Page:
One could argue that baseball was the driving force behind Mary Armstrong’s decision to pursue a career in academia.
She never played in the major leagues, or even the minors for that matter, but she did throw a mean curve ball for her high school’s softball team in Cooperstown, N.Y., where the National Baseball Hall of Fame commemorates the glory of America’s national pastime. It’s also where Armstrong, associate professor of English and women’s and gender studies, scored her first summer job.
While her friends worked as waitresses and bused tables at downtown cafes, Armstrong was encouraged by her father to take another path, one that didn’t involve juggling a stack of plates and glassware.
“Why don’t you walk into the Baseball Hall of Fame library and say, ‘I’m an A student. Would you hire me for the summer?’” she remembers her father suggesting. “He believed in empowering people.”
She took his advice and at the age of 17 was hired as the Hall of Fame’s first female research assistant in the National Baseball Archive. She was responsible for distilling and dispensing scores, statistics, career records, and rosters – the mathematical bones of baseball that can be quantified and examined in a way that eating a hot dog with your dad at Yankee Stadium on a warm summer night cannot.
“People would call drunk from bars, while writing books, and on Hollywood movie sets,” she says. They wanted to know how many stitches were in a baseball (216), whether Hank Aaron played for any team other than the Braves (Milwaukee Brewers), and what year Mickey Mantle was inducted into the Hall of Fame (1974).
It was the pre-Internet days of the 1980s, so if she didn’t know the answer she’d look it up, even for the callers who asked to be transferred to a man, fearful her gender might preclude immunity to the indelicacy of baseball … or math.
“I learned that I love research,” says Armstrong. She also learned a thing or two about leadership that summer of ’83 after her boss supported her efforts to continue fielding calls. “He said, ‘We’re not going to treat you differently.’”
She took this noble declaration to heart and, after graduating from Holy Cross, earned a Ph.D. in English and a graduate certificate in women’s studies from Duke University in 1995. In 2000, she joined the faculty at California Polytechnic State University where she taught Victorian literature, publishing several essays on Victorian literature and feminist theory and serving as the first chair of Cal Poly’s new Women’s and Gender Studies Department.
After nine years at Cal Poly and a Distinguished Teaching Award under her belt, Armstrong decided it was time to move on and began looking for opportunities at small liberal arts colleges. When a position opened at Lafayette College in 2009, Armstrong applied and became the first interdisciplinary hire at Lafayette as well as its first permanent “joint” appointment, as her position is shared between English and women’s and gender studies, the latter of which she leads as program chair. The College enacted the policy creating interdisciplinary hires in spring 2009.
In her new role, Armstrong teaches “Literary Women” and “Victorian Literature,” as well as “Introduction to Women’s and Gender Studies,” “Sexuality Studies,” and “Feminist Theory.”
“I am not out to brainwash them,” she says. “They are so used to an anti-feminist agenda. They think women’s studies is about making people think a certain way, but it’s about making people think better.”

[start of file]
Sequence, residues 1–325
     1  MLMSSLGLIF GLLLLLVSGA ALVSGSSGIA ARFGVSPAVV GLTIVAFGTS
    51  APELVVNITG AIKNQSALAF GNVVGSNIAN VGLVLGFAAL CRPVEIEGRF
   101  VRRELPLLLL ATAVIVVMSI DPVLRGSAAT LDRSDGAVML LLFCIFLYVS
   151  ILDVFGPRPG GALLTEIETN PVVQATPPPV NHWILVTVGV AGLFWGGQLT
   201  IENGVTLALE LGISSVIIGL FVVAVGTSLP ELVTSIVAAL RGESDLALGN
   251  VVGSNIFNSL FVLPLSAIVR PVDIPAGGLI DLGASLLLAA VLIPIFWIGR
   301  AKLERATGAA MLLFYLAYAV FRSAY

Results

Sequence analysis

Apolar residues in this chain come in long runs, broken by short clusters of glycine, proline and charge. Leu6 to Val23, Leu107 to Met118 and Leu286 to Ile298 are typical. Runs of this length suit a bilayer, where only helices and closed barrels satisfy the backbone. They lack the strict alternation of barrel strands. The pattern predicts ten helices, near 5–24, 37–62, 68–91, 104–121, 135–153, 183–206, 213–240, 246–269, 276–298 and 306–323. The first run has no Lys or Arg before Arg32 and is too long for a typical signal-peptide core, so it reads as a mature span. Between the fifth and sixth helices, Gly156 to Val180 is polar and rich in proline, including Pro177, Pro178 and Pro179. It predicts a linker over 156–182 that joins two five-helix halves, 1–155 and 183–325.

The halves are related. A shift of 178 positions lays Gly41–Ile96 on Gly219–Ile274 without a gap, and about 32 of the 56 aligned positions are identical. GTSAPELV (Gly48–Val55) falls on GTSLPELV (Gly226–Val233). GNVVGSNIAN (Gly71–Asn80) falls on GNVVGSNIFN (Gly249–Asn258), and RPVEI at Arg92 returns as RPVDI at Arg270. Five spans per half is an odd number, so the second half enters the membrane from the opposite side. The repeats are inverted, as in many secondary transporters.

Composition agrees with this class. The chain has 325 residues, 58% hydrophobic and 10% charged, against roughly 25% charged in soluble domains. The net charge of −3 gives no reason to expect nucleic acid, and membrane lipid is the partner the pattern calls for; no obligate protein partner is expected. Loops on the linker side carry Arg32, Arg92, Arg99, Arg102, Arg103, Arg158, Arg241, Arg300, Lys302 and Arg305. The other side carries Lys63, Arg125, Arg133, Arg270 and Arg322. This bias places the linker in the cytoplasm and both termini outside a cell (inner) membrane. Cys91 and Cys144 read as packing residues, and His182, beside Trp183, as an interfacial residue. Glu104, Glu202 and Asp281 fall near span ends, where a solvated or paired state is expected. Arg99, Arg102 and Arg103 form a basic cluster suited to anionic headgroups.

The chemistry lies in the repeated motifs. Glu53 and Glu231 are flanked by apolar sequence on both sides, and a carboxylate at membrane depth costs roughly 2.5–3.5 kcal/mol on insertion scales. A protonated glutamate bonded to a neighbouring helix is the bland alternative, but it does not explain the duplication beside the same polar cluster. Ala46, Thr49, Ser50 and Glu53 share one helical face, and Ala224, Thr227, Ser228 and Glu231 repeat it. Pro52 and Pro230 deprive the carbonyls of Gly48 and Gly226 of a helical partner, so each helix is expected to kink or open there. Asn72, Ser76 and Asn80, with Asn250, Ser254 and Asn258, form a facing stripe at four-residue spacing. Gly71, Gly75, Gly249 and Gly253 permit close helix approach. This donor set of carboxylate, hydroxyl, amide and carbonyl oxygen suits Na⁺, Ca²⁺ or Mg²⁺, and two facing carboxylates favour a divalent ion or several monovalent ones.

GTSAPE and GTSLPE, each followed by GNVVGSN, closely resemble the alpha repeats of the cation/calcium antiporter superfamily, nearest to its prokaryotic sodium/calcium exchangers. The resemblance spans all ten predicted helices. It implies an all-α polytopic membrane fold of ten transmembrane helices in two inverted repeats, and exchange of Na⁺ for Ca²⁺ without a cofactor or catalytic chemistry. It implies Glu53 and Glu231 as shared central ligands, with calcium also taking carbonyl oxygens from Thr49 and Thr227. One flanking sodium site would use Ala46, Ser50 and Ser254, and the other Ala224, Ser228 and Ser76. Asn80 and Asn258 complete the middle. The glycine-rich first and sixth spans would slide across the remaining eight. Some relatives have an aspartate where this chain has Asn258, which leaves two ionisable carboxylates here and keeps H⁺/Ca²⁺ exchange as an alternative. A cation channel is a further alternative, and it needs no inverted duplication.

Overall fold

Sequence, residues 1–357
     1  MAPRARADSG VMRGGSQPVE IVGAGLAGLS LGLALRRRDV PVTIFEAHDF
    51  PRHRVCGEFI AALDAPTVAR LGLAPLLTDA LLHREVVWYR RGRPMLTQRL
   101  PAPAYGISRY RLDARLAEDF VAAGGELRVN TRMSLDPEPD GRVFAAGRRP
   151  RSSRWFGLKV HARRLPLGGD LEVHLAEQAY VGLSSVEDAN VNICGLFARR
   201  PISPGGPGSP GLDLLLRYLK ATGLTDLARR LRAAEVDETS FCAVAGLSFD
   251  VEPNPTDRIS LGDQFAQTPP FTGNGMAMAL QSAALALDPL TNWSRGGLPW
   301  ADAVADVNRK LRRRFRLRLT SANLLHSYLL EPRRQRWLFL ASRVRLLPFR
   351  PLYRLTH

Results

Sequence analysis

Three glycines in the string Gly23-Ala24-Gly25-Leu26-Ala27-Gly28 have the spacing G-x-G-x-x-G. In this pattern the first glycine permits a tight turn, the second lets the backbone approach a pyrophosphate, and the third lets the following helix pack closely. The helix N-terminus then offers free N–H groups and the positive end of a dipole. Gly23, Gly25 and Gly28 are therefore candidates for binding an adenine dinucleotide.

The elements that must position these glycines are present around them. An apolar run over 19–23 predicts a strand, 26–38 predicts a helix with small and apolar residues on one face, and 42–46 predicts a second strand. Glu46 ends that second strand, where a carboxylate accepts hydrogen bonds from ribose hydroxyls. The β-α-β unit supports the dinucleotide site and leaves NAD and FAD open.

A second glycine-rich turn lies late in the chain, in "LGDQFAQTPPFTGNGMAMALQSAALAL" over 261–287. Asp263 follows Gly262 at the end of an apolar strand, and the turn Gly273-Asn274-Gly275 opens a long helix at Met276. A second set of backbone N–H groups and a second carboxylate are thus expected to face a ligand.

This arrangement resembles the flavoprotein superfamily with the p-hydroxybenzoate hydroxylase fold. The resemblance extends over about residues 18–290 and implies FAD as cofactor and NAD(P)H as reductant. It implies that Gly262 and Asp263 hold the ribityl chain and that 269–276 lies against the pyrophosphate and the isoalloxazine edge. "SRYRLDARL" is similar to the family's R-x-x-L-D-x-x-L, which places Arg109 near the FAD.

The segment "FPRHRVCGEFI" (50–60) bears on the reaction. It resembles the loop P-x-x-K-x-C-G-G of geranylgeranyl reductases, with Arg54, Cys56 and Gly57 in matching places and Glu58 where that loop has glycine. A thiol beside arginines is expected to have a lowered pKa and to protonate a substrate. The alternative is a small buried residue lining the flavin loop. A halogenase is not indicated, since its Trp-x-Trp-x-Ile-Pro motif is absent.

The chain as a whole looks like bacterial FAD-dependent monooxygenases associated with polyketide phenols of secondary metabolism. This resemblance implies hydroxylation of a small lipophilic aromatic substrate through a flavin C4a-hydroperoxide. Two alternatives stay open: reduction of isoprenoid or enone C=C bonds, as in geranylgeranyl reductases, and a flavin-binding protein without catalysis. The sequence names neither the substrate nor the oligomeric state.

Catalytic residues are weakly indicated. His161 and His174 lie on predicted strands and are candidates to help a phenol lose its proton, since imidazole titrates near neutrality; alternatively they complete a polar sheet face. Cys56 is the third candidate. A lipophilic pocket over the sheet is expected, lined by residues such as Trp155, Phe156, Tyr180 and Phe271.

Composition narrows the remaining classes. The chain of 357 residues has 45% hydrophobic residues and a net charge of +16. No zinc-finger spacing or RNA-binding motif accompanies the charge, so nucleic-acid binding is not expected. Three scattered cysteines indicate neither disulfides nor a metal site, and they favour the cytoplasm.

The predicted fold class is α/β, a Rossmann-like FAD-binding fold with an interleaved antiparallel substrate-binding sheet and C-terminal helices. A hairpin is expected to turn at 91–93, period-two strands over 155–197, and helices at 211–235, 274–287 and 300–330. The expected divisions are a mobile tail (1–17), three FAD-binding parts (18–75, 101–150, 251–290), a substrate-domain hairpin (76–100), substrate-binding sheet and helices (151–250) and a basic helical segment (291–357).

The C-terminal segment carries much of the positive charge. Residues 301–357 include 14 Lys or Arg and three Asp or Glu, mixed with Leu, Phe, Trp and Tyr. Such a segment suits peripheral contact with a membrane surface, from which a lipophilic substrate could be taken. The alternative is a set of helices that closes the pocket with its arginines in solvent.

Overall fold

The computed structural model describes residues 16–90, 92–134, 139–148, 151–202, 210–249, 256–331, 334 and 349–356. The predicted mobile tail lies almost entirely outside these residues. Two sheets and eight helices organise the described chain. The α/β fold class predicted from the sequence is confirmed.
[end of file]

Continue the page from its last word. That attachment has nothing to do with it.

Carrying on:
Before that can happen, Armstrong often has to divest students of firmly held prejudices by dousing them with cold, hard facts. Women are still paid on average 78 cents for every dollar earned by men and the gap is even wider for women of color. That’s not Armstrong speaking; that’s the U.S. Bureau of Labor Statistics. The poverty rate is also higher for women as is the likelihood of sexual assault.
“A lot of people come in thinking that all the work has been done,” she says. “There’s less work that needs to be done now, but it’s difficult to put your finger on what it is. It’s covert and subtle and woven into the fabric of everyday life. It’s hard to get to the core of what’s really going on.”
Ten students are majoring in women’s and gender studies and four of them are men. True to its name, the program not only deals with inequalities facing women but also uses gender as a central framework for inquiry and analysis.
In a recent class, students reviewed a documentary about an African American gay man and the struggles he faced during the ’90s. For the next 90 minutes, the class discussed homophobia, bisexuality, and the old double standard when it comes to multiple sex partners. But the talk wasn’t sexy. It was thoughtful and at times heartfelt, the analysis based on a variety of readings – some scholarly, some from the popular press -that Armstrong had assigned. The blackboard bore the brunt of students’ engagement, as Armstrong documented the highlights in powdery chalk.
“It’s very discussion based,” Beatriz De Jesus ’12 (Woodside, N.Y.), who is double majoring in government and law and women’s and gender studies. “And you’re forced to think outside the box because not only is Professor Armstrong challenging you, but other students at well.”
Armstrong is impressed by the caliber of students in her classes. “Lafayette students have open minds,” she says. “They’re really curious and they take gender seriously.”
And that’s good, because recognized or not, gender is part of most every equation from politics to economics to the court system.
“I want my students to understand that gender matters,” she says. “It’s a system, not an individual experience. It’s a system and they are in it. It’s going to affect their lives on a personal level and is a variable in everything they do. Here’s my mantra: ‘If you don’t get gender, it’s going to get you.’”